This was an unusual ride. Not unusual for its route; how many times have we done the Coastal Classic (Woodside/Pescadero/Tunitas)? Too many to count. What made it unusual was that it was me feeling better on all three climbs, having to hold back a bit for Kevin. That hasn’t happened in ages. Could have something to do with goofing off with his sister in Disneyland last week? And the stars lining up in just the right way so I had that feeling I could push hard on the pedals and… just keep on pushing hard? One of those rare days where it didn’t seem my lungs were the limiting factor they normally are? Yes, all of the above.

I do wish I’d pushed a bit more towards the top of LaHonda, instead of trying to keep Kevin in sight behind me. Strava tells me my time was just a second out of my top-10 for the past 5 years, and I think I could have made top-5.

Of course we dropped by the duck pond in LaHonda; you can see the large bird in the right-side photo at the top of this page that was hanging out. No turtles, many ducks & ducklings, and yes, that pond is losing water pretty quickly now. I’m not looking forward to rain, from a cycling standpoint, but yes, we need it. If only for the ducks.

The bakery was out of face-sized cookies so a very decadent chocolate muffin had to do. Muffin sounds healthier than cupcake, right?
The bakery was out of face-sized cookies so a very decadent chocolate muffin had to do. Muffin sounds healthier than cupcake, right?

Of course a mandatory stop at the Pescadero Bakery, where the sandwich people at the back of the store know Kevin by sight and get his order going for him. Kind of like the bar in Cheers, where everybody knows your name, but much healthier. Probably not so healthy was the chocolate muffin we had afterward.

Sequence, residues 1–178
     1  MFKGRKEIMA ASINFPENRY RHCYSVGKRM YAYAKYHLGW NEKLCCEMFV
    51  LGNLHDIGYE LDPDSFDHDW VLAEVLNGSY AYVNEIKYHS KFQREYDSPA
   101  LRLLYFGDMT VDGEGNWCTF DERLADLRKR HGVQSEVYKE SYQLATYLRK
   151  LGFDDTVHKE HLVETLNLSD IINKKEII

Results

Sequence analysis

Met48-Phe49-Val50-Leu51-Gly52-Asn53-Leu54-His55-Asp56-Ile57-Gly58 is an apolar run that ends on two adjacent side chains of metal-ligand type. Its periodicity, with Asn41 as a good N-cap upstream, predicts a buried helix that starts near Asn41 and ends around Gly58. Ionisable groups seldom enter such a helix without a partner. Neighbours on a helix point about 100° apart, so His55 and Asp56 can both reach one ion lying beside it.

Stage Road’s gravel is beginning to lessen but still something to be careful of. Definitely slows you down a bit on the climb, so this wouldn’t be a good time to go for a Strava PR. Same thing for the lower stretches of Tunitas. Wish I understood the point of laying gravel down on the road without any oil to bind it to the asphalt. Not that I’d want to ride on a freshly-oiled road, but at least I’d understand why it was being done (the idea being that the gravel adds a new layer to the roadway, bedding itself into the asphalt with the oil as a kind of glue).

It was just a short distance from the coast (on Tunitas) that we spotted a snake in need of help in the middle of the road. Small guy, still alive, small puncture mark from where it had been dropped by a bird. We moved it off the road and hopefully it will survive. Snakes don’t deserve to be run over by cars or bikes. So yes, we always stop for snakes. Even those with rattles. Just more careful with the rattlers.

I wasn’t sure how Kevin was going to be on Tunitas; the only thing I can rely on is that his pace will be uneven. On a long climb, that can really cause me problems; I do much better at a steady pace. Fortunately, my power meter was helpful as I realized that, over time, Kevin averaged about 275 watts; anything above that and I could pull away from him. Worked great, just watched my power and didn’t worry about him speeding up or slowing down, as long as I could stay within a range of 275 to 300 watts (which I can), I’d be OK. In the end, I could have done better and had a very good time across the steeper middle section of Tunitas, but when I’m riding with someone, I don’t look for ways to drop them. Most of the time. Not today anyway. Kevin, on the other hand, if he’s got a chance to drop me, it’s bye-bye Dad, see you at the top.

In the end it was yet another nice ride to the coast & back. Without question we live in a wonderful place to ride! –Mike–

Print Friendly